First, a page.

Real Stories: Living with Encephalocele
Encephalocele is a rare type of birth defect of the neural tube that affects the brain. Encephalocele is a sac-like protrusion or projection of the brain and the membranes that cover it through an opening in the skull. To learn what it’s like to live with this condition or how families are affected, read this real story from people living with encephalocele.
Tatum’s Story – Written by her mom, Brandi
In October 2017, my husband and I went for an elective 4D ultrasound hoping for one last round of cute pictures of our girl. She had previously had normal scans, so our doctor advised that we did not need any further imaging before she was born. With the 4D ultrasound, we had hoped to see who she looked like and if she had any hair. Instead, the technician was very serious and pointed out what appeared to be a small growth above her nose. The technician told us that she did not want to alarm us but recommended that we follow up with our doctor to have it looked at. Of course, this sent me into “panic mode,” and we were able to get an appointment the next day with our doctor. Our doctor and the technician reviewed the photos taken at the 4D ultrasound studio and immediately sent us over to a specialty center for another ultrasound. A second ultrasound confirmed what we saw on the previous ultrasound, and we were referred for a fetal MRI.
My husband and I were both incredibly nervous on the morning of the MRI, but hopeful that the small growth was just a mole, birthmark, or soft tissue. A phone call later that afternoon confirmed our worst fears: our sweet baby girl had a frontal encephalocele. Encephalocele happens when the neural tube does not close completely during pregnancy. The result is an opening anywhere along the center of the skull from the nose to the back of the neck, often at the back of the head, at the top of the head, or between the forehead and the nose.
Shortly after diagnosis, we met with a pediatric neurosurgeon to discuss what all of this meant for our little one. After an incredibly emotional long weekend, we were given hope for an otherwise healthy, normal baby. We found out that encephalocele is an extremely rare neural tube defect (about 1 in 10,500 babies are affected) and typically occurs in the back of the skull in females. We are extremely lucky that hers is in the front of her skull impacting the right frontal lobe of her brain rather than the occipital area. Babies born with an occipital encephalocele only typically have about a 55% survival rate and can suffer lifelong complications. The neurosurgeon told us that the front of the brain is much more “forgiving” than the back and typically regulates personality (which you wouldn’t expect to change when operating on a newborn baby as they are developing personality as they grow). Fortunately, it was a relatively small encephalocele, measuring about 2.66 cm at its largest point. We were also told that the rest of her brain and all of her other organs appeared to be healthy, and her growth was right on target.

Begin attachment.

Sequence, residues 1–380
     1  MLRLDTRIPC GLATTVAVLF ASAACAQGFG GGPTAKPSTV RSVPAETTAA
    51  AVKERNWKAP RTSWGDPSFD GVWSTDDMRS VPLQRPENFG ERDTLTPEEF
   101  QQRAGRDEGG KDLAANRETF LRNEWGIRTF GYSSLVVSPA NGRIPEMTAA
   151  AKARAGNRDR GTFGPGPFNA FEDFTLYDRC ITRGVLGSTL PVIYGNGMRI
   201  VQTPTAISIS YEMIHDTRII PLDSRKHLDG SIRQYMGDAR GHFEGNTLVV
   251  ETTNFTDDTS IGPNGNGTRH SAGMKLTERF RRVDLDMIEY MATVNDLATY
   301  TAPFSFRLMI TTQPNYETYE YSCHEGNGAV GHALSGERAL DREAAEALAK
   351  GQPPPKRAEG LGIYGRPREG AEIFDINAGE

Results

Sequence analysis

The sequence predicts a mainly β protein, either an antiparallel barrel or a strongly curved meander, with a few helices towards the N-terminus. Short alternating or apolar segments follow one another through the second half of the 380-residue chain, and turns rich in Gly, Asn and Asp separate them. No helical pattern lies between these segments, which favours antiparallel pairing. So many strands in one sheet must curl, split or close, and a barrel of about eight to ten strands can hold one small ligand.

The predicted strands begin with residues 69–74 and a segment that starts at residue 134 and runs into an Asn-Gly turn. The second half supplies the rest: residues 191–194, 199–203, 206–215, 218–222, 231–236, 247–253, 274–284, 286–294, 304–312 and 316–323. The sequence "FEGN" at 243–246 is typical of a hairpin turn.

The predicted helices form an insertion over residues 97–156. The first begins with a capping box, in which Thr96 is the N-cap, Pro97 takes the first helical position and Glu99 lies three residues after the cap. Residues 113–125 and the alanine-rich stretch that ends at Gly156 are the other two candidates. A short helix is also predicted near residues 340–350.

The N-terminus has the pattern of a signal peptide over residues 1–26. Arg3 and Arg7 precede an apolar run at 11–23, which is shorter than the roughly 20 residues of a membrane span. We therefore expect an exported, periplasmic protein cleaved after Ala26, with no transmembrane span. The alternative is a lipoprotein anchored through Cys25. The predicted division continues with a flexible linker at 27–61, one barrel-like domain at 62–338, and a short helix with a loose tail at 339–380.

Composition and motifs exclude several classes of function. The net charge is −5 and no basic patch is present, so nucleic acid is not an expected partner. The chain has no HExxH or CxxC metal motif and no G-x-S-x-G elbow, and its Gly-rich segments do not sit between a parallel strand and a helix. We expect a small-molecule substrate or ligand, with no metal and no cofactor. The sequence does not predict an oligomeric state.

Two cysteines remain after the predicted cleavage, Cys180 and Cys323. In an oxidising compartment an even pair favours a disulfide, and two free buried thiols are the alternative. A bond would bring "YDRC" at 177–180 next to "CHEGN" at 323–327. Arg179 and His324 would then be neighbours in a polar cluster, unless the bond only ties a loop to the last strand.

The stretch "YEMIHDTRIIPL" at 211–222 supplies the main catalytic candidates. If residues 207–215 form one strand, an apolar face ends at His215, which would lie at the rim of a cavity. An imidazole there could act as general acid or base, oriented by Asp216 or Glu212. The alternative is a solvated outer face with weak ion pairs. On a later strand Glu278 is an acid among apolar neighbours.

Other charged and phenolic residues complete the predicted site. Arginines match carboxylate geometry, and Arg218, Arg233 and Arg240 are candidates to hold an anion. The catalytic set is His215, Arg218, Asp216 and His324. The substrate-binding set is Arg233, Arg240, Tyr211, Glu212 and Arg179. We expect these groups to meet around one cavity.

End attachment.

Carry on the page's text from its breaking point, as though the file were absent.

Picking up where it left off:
Tatum was scheduled to arrive via C-section a few days early to make sure she wouldn’t have any type of damage to the protruding tissue while coming though the birth canal. When she was born, we were overjoyed to see that the encephalocele was covered by skin. She was thoroughly examined by the hospital staff before they determined that she was healthy enough to go home with us for recovery until her first surgery. Tatum’s first surgery lasted approximately 5-6 hours and consisted of the removal of the protruding portion of her right frontal lobe and reconstruction of the bones that make up her face. She proved to us how tough she is by only taking Tylenol after having a major surgery. She was even able to go home after just three nights in the hospital.
Fast forward to Tatum’s second major surgery – which took more than 9 hours! The second surgery involved her neurosurgeon and a pediatric plastic surgeon. During her second surgery, the doctors removed the small, remaining portion of her non-functional right frontal lobe and completed a bone reconstruction of her eye sockets, forehead, and nasal bridge. The post-op appointments have all gone great and she healed very quickly. Tatum may need an additional repair around 8 years old with the plastic surgeon, but that determination will be made as she grows and matures. We have learned so much on this journey and are so thankful for our strong, tough, amazing little girl!